Until I got healthy fats in my diet, every improvement felt like a struggle

60-pct-fat-brainI’ve been thinking a lot about how things have changed for me and my TBI recovery, over the years. Thanksgiving is behind me, along with the anniversary of my fall in 2004. I’m now looking forward to 2016, looking back on my past and thinking about the future.

I have had some pretty amazing leaps forward, and now that I am in the process of finding a new neuropsychologist to work with, I am thinking a lot about where I am, relative to where I’ve been — and where I want to be. Truth be told, I have a long ways to go before I am where I really want to be. Maybe I’ll never get there. But I have my dreams. Likewise, I am so much farther along than I had been in the past. And the past year or so has seen a tremendous change in my mental state, my cognitive abilities, my resilience, and pretty much every aspect of my life. There are places where I am falling down and coming up short — memory issues, losing track of the big picture when all the details turn into many-headed hydras of problems, impulse control problems, and snapping at people (and internally) over nothing. But my ability to identify these things and deal with them is leaps and bounds ahead of where it was, just a few years back.

The thing is, at just about every turn in the road, even when I was making good progress, it felt like a struggle for me. Until the past year or so. Even when things have not been great for me, functionally, I’ve been more resilient, better able to handle the ups and downs, and I’ve learned. Lightning speed, compared to how I was before.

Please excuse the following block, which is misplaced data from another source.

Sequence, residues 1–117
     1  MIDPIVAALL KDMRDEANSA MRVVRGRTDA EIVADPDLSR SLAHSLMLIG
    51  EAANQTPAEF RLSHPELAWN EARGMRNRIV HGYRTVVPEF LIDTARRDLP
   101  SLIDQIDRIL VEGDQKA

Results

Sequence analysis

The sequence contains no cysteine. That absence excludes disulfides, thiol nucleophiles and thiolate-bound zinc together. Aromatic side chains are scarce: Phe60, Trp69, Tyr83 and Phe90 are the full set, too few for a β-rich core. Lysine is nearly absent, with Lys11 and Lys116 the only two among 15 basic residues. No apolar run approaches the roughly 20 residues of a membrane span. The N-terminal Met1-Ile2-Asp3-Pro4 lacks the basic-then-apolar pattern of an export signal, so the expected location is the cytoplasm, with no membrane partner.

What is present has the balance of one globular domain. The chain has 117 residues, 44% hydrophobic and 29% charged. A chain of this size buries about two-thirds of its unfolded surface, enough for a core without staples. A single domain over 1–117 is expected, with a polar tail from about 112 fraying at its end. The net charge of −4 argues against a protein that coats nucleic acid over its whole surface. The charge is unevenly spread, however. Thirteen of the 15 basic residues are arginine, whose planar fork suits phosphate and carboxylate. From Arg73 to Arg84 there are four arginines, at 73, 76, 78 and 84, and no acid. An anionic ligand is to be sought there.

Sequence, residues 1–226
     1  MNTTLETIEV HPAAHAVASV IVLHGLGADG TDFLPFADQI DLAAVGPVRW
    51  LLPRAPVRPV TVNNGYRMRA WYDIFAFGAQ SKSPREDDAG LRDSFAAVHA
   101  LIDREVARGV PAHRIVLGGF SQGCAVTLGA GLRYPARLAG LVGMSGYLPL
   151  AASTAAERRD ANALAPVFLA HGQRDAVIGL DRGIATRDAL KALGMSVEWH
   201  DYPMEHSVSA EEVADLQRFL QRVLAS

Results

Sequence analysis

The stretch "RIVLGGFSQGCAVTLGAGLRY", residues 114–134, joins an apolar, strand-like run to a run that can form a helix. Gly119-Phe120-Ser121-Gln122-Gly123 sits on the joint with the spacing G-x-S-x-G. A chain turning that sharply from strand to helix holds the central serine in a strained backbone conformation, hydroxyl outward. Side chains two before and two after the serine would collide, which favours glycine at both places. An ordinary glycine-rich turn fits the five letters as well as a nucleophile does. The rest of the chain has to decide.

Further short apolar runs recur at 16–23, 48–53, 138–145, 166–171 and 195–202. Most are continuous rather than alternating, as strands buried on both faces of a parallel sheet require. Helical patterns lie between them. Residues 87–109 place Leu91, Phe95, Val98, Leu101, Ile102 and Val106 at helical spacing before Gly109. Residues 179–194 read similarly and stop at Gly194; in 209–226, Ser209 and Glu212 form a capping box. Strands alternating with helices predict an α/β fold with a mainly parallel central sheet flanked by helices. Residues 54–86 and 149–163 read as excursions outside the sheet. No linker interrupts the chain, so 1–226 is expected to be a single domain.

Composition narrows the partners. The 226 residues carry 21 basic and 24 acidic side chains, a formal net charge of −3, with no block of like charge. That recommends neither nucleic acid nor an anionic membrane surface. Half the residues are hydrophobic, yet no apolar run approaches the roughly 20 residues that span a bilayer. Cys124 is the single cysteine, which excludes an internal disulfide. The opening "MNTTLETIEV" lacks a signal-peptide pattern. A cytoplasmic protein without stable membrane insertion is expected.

Coincidence? Just a fluke? Cumulative effects of good choices? I think nutrition changes have actually made the lion’s share of the difference. I mean, when I look at my life now, compared to prior years, there’s just no contest.

Today someone actually asked me about a ketogenic diet. I had toyed with the idea of that, some time back, thinking it would be helpful for me to “fine tune” my system and break my “addiction” to carbs and junk food. That was all very well and good, but it turned out to be a huge amount of work for me — I would have had to turn into a full-on zealot convert, to succeed. Plus, it turns out that the benefits can take a while to kick in. No thank you. I need to see results fairly quickly, or it just doesn’t keep my attention.

My bad, I know, but at least I know myself.

What I did do, however, is add healthy fats to my diet. The low-fat diet I was following was good, according to popular perception, but the more I read about the benefits of healthy fat — and thought about it too — the more sense it made to get some fatty goodness in my life.